Speckled kingsnake

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The speckled kingsnake (Lampropeltis holbrooki) is a nonvenomous species of kingsnake. It is endemic to the United States.

Lampropeltis holbrooki
Scientific classification Edit this classification
Domain: Eukaryota
Kingdom: Animalia
Phylum: Chordata
Class: Reptilia
Order: Squamata
Suborder: Serpentes
Family: Colubridae
Genus: Lampropeltis
L. holbrooki
Binomial name
Lampropeltis holbrooki
Stejneger, 1902
  • Coronella sayi
    Holbrook, 1842
  • Lampropeltis holbrooki
    Stejneger, 1902
  • Lampropeltis getulus holbrooki
    M. Allen, 1932
  • Lampropeltis getula holbrooki
    Crother, 2000
  • Lampropeltis holbrooki
    Pyron & Burbrink, 2009

Description edit

Adult in Mississippi

The speckled kingsnake usually grows up to 48 in (120 cm) in total length (including tail), but the record total length is 72 in (180 cm). The common name is derived from its pattern, which is black, with small yellow-white specks, one speck in the center of almost every dorsal scale. It is also known as the "salt-and-pepper snake".[3]

Geographic range edit

The speckled kingsnake is found in the central and southern United States from southern Iowa to the Gulf of Mexico.[4] Its range overlaps that of the desert kingsnake, Lampropeltis splendida, and it is known to intergrade with that species.

Habitat edit

The speckled kingsnake prefers wetter habitats than other kingsnakes, such as swamps and rivers, but it does commonly venture to dry areas such as woodlands and grassy fields.

Diet edit

The diet of the speckled kingsnake consists of mammals, birds, rodents, frogs, lizards, and other snakes. It kills by constriction.

Behavior edit

When threatened, the speckled kingsnake shakes its tail like a rattlesnake to deter predators. It frequently expels musk and feces or bites when threatened. It is usually docile, often striking only one or two times after capture, and is frequently kept as a pet. It is commonly captive bred.

Taxonomy and etymology edit

This snake was first described by American herpetologist John Edwards Holbrook in 1842. At that time, he called it Coronella sayi under the mistaken impression that it was the species previously described by Schlegel as Coluber sayi. In 1902, Stejneger pointed out that because Coluber sayi is a different snake, Pituophis catenifer sayi, the name sayi could not be applied to this snake. Therefore, he proposed the name Lampropeltis holbrooki, honoring Holbrook.[5][6] It was for many years considered a subspecies of L. getula, but has been elevated to full species status as L. holbrooki.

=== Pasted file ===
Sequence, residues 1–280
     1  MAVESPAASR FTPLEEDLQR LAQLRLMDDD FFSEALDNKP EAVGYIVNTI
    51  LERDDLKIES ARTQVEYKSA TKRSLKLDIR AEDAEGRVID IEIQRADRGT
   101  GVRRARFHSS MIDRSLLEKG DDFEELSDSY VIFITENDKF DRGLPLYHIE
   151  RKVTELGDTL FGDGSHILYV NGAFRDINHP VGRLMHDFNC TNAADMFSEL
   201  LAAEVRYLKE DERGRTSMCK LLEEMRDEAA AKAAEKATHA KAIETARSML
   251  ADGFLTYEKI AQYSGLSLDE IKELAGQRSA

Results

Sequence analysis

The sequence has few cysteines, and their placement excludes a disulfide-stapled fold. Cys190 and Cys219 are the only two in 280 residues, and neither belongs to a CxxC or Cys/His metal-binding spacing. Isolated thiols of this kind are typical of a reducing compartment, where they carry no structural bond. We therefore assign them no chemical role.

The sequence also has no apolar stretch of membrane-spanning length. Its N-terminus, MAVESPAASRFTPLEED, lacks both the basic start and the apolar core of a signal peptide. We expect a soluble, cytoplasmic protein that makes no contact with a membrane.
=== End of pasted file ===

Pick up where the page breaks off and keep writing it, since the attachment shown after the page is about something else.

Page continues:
References edit

  1. ^ Hammerson, G.A. (2019). "Lampropeltis holbrooki". IUCN Red List of Threatened Species. 2019: e.T67662914A67662925. doi:10.2305/IUCN.UK.2019-2.RLTS.T67662914A67662925.en. Retrieved 20 May 2023.
  2. ^ "Lampropeltis holbrooki ". The Reptile Database. www.reptile-database.org.
  3. ^ Conant R (1975). A Field Guide to Reptiles and Amphibians of Eastern and Central North America, Second Edition. Boston: Houghton Mifflin. xviii + 429 pp. + Plates 1-48. ISBN 0-395-19979-4 (hardcover), ISBN 0-395-19977-8 (paperback). (Lampropeltis getulus holbrooki, pp. 203-204 + Plate 29 + Map 156).
  4. ^ "Speckled Kingsnake". Kingsnake.com. Retrieved 2009-03-16.
  5. ^ Blanchard FN (1921). "A Revision of the King Snakes: Genus Lampropeltis ". Bull. U.S. Nat. Mus. (114): 1-260.
  6. ^ Beolens, Bo; Watkins, Michael; Grayson, Michael (2011). The Eponym Dictionary of Reptiles. Baltimore: Johns Hopkins University Press. xiii + 296 pp. ISBN 978-1-4214-0135-5. (Lampropeltis getula holbrooki, p. 125).

Further reading edit

  • Behler JL, King FW (1979). The Audubon Society Field Guide to North American Reptiles and Amphibians. New York: Alfred A. Knopf. 743 pp. ISBN 0-394-50824-6. (Lampropeltis getulus holbrooki, p. 619 + Plate 560).
  • Conant R, Bridges W (1939). What Snake Is That?: A Field Guide to the Snakes of the United States East of the Rocky Mountains. (With 108 drawings by Edmond Malnate). New York and London: D. Appleton-Century. Frontispiece map + viii + 163 pp. + Plates A-C, 1-32. (Lampropeltis getulus holbrooki, pp. 77–78 + Plate12, Figure 35).
  • Holbrook JE (1842). North American Herpetology; or, A Description of the Reptiles Inhabiting the United States. Vol. III. [Second Edition]. Philadelphia: J. Dobson. 128 pp. + 30 plates. (Coronella sayi, pp. 99–101 + Plate 22).
  • Hubbs, Brian (2009). Common Kingsnakes: A Natural History of Lampropeltis getula. Tempe, Arizona: Tricolor Books. 436 pp. ISBN 978-0-9754641-1-3.
  • Schmidt KP, Davis DD (1941). Field Book of Snakes of the United States and Canada. New York: G.P. Putnam's Sons. 365 pp. (Lampropeltis getulus holbrooki, pp. 176–177, Figure 50 + Plate 19).
  • Stejneger L (1902). "The Reptiles of the Huachuca Mountains, Arizona". Proc. U.S. Nat. Mus. 25: 149–158. (Lampropeltis holbrooki, new name, p. 152).
  • Wright AH, Wright AA (1957). Handbook of Snakes of the United States and Canada. Ithaca and London: Comstock Publishing Associates, a division of Cornell University Press. 1,105 pp. (in two volumes). (Lampropeltis getulus holbrooki, pp. 387–391, Figure 118 + Map 33 on p. 373).

External links edit